Should the U.S. lower the voting age to 16? | The Tylt
Should the U.S. lower the voting age to 16?
In March 2019, Speaker of the House Nancy Pelosi reaffirmed her support of lowering the voting age. According to the Hill, Pelosi believes high school kids are the most civically engaged and should be allowed to jump into politics while they are still enthusiastic about it.
"I myself have always been for lowering the voting age to 16," Pelosi said. "I think it's really important to capture kids when they're in high school, when they're interested in all of this, when they're learning about government, to be able to vote."
Pelosi's comments Thursday echoed those she has made previously, including in a 2015 New York Times interview in which the Speaker said she was "all for" lowering the voting age.
Pelosi told the Times that she wanted to expand voter access to 16 and 17-year-olds “because when kids are in school, they’re so interested, they’re so engaged.”
Laurence Steinberg, a psychology professor at Temple University, wrote in a New York Times op-ed that people who start voting earlier are more likely to continue voting.
Why is higher turnout among 16- and 17-year-olds so important? Because there is evidence that people who don’t vote the first time they are eligible are less likely to vote regularly in the future. Considering that people between 18 and 24 have the lowest voter turnout of any age group in the United States (a country that has one of the lowest rates of voter turnout in the developed world), allowing people to begin voting at an age at which they are more likely to vote might increase future turnout at all ages.
Rep. Ayanna Pressley recently presented a bill in Congress that would lower the voting age. Per Teen Vogue:
“Congresswoman Pressley has stood witness to deep and meaningful levels of engagement in policy and our political processes by 16- and 17-year-olds. Young people across the country have mobilized, marched, and protested in support of important issues like gun control, climate change, school safety, and social injustice,” a fact sheet from Pressley’s office reads. “At 16 years old, young people can work, pay taxes and contribute to the economy. It is beyond appropriate that we extend an opportunity for young people to play a role in electing our Representatives both in the halls of Congress and the White House.”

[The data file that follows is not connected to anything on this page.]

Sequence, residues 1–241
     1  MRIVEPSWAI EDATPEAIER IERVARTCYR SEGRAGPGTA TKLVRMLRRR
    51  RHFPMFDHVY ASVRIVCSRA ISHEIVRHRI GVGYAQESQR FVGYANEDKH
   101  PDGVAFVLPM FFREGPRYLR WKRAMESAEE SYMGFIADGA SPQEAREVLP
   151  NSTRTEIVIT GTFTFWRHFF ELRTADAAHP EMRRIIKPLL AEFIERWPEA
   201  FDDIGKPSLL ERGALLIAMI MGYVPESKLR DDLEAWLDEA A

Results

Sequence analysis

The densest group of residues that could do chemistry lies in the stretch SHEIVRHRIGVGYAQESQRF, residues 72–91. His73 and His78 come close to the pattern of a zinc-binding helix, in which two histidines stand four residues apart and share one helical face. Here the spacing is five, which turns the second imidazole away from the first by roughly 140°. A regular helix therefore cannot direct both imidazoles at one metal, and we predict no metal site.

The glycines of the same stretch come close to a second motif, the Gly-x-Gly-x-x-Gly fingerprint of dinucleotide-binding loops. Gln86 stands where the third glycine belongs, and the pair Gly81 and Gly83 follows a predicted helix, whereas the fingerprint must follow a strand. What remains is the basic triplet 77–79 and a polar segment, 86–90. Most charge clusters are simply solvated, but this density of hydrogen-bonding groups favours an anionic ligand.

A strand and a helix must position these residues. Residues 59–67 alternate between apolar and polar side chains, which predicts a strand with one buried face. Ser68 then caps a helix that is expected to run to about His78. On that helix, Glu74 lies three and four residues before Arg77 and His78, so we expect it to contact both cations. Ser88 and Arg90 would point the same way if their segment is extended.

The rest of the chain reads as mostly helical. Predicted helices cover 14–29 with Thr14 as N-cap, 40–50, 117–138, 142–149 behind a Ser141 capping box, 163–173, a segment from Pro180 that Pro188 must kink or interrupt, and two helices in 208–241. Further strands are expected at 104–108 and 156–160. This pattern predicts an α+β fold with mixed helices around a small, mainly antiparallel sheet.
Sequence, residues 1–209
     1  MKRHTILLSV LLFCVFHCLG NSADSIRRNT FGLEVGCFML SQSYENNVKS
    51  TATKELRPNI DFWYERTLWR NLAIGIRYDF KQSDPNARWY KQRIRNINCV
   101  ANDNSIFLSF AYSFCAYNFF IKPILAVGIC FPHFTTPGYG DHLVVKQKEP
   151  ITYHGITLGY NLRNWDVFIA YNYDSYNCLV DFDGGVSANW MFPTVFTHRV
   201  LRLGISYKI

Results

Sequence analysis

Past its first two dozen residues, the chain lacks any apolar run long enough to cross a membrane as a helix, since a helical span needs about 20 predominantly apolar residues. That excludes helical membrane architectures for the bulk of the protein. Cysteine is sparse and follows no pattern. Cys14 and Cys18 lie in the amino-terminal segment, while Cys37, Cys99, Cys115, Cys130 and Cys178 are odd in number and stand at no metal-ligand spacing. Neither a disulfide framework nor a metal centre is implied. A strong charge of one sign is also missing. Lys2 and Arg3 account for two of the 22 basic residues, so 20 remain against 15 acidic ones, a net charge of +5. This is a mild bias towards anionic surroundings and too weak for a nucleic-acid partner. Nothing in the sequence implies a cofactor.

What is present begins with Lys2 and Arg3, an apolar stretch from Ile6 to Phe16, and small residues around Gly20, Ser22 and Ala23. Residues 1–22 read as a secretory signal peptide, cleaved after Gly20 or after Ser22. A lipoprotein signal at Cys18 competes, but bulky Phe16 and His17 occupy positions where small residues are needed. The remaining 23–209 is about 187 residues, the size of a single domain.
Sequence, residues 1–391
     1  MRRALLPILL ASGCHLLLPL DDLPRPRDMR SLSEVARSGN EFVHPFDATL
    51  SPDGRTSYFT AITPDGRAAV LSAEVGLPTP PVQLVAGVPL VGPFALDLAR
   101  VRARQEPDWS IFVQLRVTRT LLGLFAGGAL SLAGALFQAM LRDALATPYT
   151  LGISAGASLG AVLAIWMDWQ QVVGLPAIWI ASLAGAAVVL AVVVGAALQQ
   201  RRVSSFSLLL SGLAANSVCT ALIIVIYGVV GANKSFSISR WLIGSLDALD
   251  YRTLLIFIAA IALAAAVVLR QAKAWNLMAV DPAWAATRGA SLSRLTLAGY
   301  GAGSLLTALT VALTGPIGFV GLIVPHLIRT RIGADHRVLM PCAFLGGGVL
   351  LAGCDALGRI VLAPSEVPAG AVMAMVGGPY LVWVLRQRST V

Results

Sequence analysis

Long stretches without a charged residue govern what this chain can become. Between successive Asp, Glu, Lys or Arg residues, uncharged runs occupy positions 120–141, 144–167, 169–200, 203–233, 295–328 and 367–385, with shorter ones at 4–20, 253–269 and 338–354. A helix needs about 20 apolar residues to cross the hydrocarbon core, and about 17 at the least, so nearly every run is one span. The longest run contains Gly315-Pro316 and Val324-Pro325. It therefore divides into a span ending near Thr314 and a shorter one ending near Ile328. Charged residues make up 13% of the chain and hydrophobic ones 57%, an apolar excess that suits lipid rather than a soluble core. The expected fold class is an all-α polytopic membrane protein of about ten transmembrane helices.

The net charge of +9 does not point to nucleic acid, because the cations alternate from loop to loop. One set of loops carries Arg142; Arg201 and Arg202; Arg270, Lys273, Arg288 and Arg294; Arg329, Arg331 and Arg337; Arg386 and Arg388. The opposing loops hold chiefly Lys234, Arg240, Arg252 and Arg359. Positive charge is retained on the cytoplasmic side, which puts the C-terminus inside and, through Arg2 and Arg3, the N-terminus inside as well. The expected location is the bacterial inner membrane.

Constitutional law expert Michael Morley told PBS the arguments used to lower the voting age to 18 do not translate to lowering it to 16.
“You had the notion that 18 was already adulthood in several other contexts,” such as facing the draft, establishing households, and starting families. But Morley doesn’t necessarily think those arguments apply to 16-year-olds, who in most cases are still legally required to attend school and generally depend on parental support.
Other critics believe teens are not mature enough to be trusted with the right to vote as their brains are not yet fully developed. David Davenport wrote in a Forbes column:
If it is a question of maturity, researchers generally agree that the brain is still developing until the mid-20s, with moral reasoning and abstract thought coming later in the cycle than previously thought. Perhaps it should also be a question of having a real stake in the process—such as serving in the military (age 18, or 17 with parental consent) or writing a check to the government to pay your taxes. Or, how about requiring younger voters to pass the citizenship test as an incentive and qualifier, tying civic engagement with civic education?